Object of the Month January 2021
Brass Devil Imp Inkwell
Writing letters was a popular past time in the Victorian era and especially after the arrival of the Penny Post. Pride of place on a lady’s escritoire was an ink well or ink stand and they were often very decorative. Brass ink wells often depicted the head of an animal and sometimes served a dual purpose as, perhaps, a match striker or stand for a pocket watch. The brass ink well shown here is a mass-produced item of the late 1800s and was originally owned by Mrs Ellen Withers who lived at Somerden Cottages in Chiddingstone during the mid – 20th century.
The Victorians were endlessly fascinated by ghost stories, legends and the supernatural. A terrifying creature called the Devil imp was a much-favoured theme of Victorian writers and illustrators. Edgar Alan Poe’s grinning devil in the belfry ‘had a long hooked nose, pea eyes, a wide mouth, and an excellent set of teeth”, much like Mrs Withers’ ink well. Not all imps were scary though. The legend of the Lincoln imp tells of a mischievous imp who attempted to cause havoc in Lincoln Cathedral. His antics were promptly terminated when an angel appeared from a bible on the altar and transformed him into stone. The grotesque of the Lincoln imp was popularised by James Ward Usher, a Victorian businessman who acquired the rights to use the motif in his new range of jewellery. The Lincoln Imp continued to feature on brass souvenirs such as spoons and candlesticks well into the 1920s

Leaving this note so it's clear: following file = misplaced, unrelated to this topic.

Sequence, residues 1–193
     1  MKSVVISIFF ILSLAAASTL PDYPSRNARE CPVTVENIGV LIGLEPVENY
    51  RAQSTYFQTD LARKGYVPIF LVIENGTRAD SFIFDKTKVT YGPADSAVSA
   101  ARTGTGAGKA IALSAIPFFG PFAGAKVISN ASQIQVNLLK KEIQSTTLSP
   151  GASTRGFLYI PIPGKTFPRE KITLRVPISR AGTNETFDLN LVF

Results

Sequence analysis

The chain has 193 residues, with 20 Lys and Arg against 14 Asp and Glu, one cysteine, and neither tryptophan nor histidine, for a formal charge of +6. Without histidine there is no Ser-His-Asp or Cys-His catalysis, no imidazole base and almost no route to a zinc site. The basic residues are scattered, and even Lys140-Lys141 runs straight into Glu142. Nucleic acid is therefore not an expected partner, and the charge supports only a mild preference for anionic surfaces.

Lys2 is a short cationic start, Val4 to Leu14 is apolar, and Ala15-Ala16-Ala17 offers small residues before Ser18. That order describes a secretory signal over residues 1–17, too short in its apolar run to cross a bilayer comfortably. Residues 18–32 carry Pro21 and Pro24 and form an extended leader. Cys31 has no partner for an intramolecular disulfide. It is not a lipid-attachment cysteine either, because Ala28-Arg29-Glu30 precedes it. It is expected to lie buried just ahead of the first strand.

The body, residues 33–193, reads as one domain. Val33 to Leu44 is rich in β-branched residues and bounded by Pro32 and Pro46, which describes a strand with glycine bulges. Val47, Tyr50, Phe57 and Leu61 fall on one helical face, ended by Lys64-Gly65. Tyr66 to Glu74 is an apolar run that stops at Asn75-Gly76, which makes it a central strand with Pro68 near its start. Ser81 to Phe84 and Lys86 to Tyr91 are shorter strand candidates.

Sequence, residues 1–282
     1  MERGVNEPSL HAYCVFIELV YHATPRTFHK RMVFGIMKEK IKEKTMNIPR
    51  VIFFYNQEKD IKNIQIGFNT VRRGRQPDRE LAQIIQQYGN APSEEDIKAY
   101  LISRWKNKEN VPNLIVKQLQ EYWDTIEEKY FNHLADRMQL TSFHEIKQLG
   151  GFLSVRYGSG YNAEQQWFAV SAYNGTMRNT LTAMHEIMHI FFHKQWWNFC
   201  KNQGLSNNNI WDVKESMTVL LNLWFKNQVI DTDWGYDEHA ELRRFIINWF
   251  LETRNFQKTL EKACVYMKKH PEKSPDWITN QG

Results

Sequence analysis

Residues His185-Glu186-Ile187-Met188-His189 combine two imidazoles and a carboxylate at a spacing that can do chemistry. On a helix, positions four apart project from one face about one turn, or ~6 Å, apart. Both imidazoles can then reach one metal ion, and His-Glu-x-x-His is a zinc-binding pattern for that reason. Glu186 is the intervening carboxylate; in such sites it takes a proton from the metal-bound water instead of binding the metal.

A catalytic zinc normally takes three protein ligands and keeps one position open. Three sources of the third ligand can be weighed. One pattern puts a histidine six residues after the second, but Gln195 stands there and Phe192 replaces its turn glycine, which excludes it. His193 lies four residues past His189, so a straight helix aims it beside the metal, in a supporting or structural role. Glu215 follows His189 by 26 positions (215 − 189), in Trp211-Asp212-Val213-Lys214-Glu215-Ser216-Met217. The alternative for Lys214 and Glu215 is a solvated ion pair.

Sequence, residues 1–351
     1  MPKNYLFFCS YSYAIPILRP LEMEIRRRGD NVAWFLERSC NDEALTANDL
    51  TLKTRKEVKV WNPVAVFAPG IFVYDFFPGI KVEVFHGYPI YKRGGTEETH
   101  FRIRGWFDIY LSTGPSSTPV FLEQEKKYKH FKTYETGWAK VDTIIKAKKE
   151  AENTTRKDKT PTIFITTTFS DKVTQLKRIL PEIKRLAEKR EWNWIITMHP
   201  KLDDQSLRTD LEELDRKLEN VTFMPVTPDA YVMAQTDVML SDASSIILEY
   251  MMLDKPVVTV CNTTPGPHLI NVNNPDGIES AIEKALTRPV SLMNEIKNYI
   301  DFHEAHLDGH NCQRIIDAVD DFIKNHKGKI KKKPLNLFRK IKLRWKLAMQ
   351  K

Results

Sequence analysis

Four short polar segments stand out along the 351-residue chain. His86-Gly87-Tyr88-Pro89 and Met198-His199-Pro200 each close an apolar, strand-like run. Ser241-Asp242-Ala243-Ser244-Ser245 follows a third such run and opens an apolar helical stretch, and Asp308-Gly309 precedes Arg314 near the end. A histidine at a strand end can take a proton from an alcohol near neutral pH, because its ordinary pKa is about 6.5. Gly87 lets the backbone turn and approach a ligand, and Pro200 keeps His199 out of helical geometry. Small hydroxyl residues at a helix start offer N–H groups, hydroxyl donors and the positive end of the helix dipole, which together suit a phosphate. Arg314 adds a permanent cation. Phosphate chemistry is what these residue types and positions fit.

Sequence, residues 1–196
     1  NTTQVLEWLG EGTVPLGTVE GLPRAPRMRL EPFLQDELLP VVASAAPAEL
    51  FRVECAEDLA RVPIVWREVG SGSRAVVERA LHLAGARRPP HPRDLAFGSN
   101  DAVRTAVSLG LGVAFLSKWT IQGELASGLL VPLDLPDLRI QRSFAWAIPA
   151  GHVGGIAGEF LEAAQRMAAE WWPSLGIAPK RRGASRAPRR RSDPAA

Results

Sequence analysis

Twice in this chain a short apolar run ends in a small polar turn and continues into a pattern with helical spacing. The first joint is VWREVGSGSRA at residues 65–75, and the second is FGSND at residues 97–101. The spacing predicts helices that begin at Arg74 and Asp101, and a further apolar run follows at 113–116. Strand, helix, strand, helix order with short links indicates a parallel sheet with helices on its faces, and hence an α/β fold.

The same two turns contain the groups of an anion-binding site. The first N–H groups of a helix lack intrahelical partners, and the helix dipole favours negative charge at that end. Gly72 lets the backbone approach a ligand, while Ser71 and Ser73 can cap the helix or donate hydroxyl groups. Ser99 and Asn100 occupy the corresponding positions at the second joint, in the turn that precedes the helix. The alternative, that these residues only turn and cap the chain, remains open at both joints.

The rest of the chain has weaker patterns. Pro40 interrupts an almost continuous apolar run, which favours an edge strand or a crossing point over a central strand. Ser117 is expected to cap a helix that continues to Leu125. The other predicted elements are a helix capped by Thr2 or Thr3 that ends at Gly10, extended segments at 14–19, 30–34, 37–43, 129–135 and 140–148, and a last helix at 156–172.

Mrs Withers’ ink well has two hollow ears which serve as holders for dip pens. People still used quill pens in the early part of the Victorian era but these were eventually superceded by steel nib pens by the 1850s. In Edenbridge, dip pens were still used in schools until the 1960s, as they were in many rural locations because they were cheaper than fountain pens. Dip pen nibs were prone to rust and sprayed ink if accidently pressed in the wrong direction whilst writing. They were also rather scratchy. Until the invention of the ink cartridge in the 1950s ink wells, blotting paper, nibs and pen wipes all had to be taken on holiday too.
Ink was originally made from ‘lamp black’, a mixture of soot, gum arabic and water. The ink tended to flake off the paper after a while, so vinegar was used as a fixative. Iron gall ink, made from iron salts and tannic acid was commonly used in the 19th century. Iron gall ink was particularly corrosive to paper and steel nibs. It also faded to brown over time. Fancy writing paper and coloured inks, especially violet was all the rage in the Victorian era but by the end of the century, black ink and plain paper were considered far more fashionable. In schools, ink monitors were appointed to keep ink wells topped up. If ink spilt on fingers or clothes, the affected area could be treated with a home preparation such as lemon juice, tallow or milk